TAMPA, Fla. – The rent cost is high, and has been for a while, especially in Florida. As housing costs remain a significant driver of overall inflation, a new study by Florida Atlantic University (FAU) dives into why rent costs are so high in the Sunshine State, especially compared to the rest of the United States.
FAU reported that Florida is home to nine of the 21 most overpriced rental markets in the nation, with Tampa, North Port and Lakeland among cities where renters pay the highest premiums in the U.S.
The Waller, Weeks and Johnson Rental Index is a production from the Florida Atlantic University Real Estate Initiative, Florida Gulf Coast University’s Lucas Institute for Real Estate Development & Finance, and the Alabama Center of Real Estate at the University of Alabama.
The index showed that rental costs are put on a premium month-over-month and year-over-year due to a number of factors, including short-term rentals and homeowners’ association costs.
According to FAU, “Cape Coral-Fort Myers renters lead the nation in paying 18.05% above the long-term leasing trend. Miami, North Port, Tampa, Orlando, Deltona-Daytona Beach, Palm Bay-Melbourne, Jacksonville and Lakeland also have some of the nation’s highest premiums.”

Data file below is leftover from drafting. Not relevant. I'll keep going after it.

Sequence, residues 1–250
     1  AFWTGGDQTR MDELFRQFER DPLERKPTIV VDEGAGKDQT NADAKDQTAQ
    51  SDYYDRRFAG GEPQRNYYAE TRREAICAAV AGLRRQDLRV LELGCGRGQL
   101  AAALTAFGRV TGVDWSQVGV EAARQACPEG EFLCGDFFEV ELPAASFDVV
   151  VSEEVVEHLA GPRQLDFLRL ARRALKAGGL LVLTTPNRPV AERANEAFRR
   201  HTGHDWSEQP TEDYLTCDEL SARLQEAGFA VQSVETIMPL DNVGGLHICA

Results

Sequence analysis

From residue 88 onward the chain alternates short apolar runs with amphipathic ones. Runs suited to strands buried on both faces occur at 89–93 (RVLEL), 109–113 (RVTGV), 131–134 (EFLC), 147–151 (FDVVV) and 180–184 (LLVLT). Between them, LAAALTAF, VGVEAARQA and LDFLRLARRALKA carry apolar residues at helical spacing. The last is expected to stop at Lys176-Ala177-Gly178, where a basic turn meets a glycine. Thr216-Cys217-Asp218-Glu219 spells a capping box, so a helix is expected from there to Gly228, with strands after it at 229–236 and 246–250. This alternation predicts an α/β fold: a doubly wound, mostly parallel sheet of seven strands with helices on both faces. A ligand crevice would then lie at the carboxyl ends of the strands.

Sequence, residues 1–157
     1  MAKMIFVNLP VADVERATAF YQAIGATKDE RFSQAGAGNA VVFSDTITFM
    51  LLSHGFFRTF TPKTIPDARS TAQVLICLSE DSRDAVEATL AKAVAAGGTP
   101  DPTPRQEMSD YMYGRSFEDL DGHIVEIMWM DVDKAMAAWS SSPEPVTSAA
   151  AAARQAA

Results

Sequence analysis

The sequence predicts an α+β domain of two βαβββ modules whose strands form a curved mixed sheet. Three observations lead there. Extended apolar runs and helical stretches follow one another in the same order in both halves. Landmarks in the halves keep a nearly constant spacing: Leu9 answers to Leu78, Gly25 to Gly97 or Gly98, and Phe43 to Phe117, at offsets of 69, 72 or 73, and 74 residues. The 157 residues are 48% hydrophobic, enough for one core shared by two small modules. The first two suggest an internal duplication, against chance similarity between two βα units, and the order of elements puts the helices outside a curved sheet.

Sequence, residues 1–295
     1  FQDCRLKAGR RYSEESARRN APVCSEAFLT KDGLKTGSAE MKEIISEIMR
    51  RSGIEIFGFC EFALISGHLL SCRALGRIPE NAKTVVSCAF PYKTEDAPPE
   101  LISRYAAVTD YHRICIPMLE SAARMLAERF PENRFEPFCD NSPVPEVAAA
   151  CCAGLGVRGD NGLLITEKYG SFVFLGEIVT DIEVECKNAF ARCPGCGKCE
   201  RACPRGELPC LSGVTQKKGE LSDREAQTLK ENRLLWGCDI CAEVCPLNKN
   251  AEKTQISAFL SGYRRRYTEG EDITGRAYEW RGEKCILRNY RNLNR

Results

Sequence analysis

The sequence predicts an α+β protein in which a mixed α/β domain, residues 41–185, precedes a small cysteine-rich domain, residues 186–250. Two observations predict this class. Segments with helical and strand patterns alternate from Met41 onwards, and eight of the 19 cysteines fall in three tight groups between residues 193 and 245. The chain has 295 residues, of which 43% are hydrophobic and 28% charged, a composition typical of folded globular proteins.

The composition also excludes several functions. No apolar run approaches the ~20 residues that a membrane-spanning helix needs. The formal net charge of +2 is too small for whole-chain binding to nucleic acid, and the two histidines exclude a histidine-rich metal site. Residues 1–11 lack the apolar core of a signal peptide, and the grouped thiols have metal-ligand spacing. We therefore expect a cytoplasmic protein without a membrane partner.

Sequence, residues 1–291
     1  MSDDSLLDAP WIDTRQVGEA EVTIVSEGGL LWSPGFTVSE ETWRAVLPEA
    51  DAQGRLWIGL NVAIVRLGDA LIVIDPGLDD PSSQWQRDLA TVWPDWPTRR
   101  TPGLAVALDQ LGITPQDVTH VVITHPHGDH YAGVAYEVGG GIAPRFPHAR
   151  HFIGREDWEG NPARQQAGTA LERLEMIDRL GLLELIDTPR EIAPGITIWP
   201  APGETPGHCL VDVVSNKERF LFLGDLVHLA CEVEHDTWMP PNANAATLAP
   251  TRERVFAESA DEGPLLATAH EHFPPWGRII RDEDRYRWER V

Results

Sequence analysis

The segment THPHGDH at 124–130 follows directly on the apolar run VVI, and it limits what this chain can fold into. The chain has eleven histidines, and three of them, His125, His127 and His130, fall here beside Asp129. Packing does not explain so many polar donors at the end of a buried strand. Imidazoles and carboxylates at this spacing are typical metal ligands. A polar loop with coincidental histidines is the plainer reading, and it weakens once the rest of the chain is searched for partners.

Compared to the Cape Coral’s 18.05%, the rest of the U.S. has an average rental premium of 7.4%.
Dr. Ken Johnson, an FAU economist, said part of the issue with rising rentals costs are short-term rentals like Airbnb and other sites keeping available units out of the larger housing stock, which is “already-depleted.” Additionally, Johnson said HOAs across Florida have rules against owners renting their units out during the first year of residency, or banning it outright.
“Both of these take away units that could be rented to the public, and it’s the shortage of available units that drives rental rates higher,” Johnson said. “While developers and local governments clearly need to build more units, that’s not the only solution to this problem.”
“As a state, we need to realize that the current rental crisis is hurting our economic growth potential and making it increasingly difficult for service workers to live within reasonable distances of their jobs,” Johnson said, highlighting the effect unaffordable housing is having on Florida’s economy.
While rent affordability is a big issue, it’s only one part of the housing crisis that is still affecting Florida.
According to the Beracha and Johnson Index, another FAU real estate analysis tracker, those same nine Florida cities with big rent premiums also have premiums when it comes to the expected price of a home versus its sell price.
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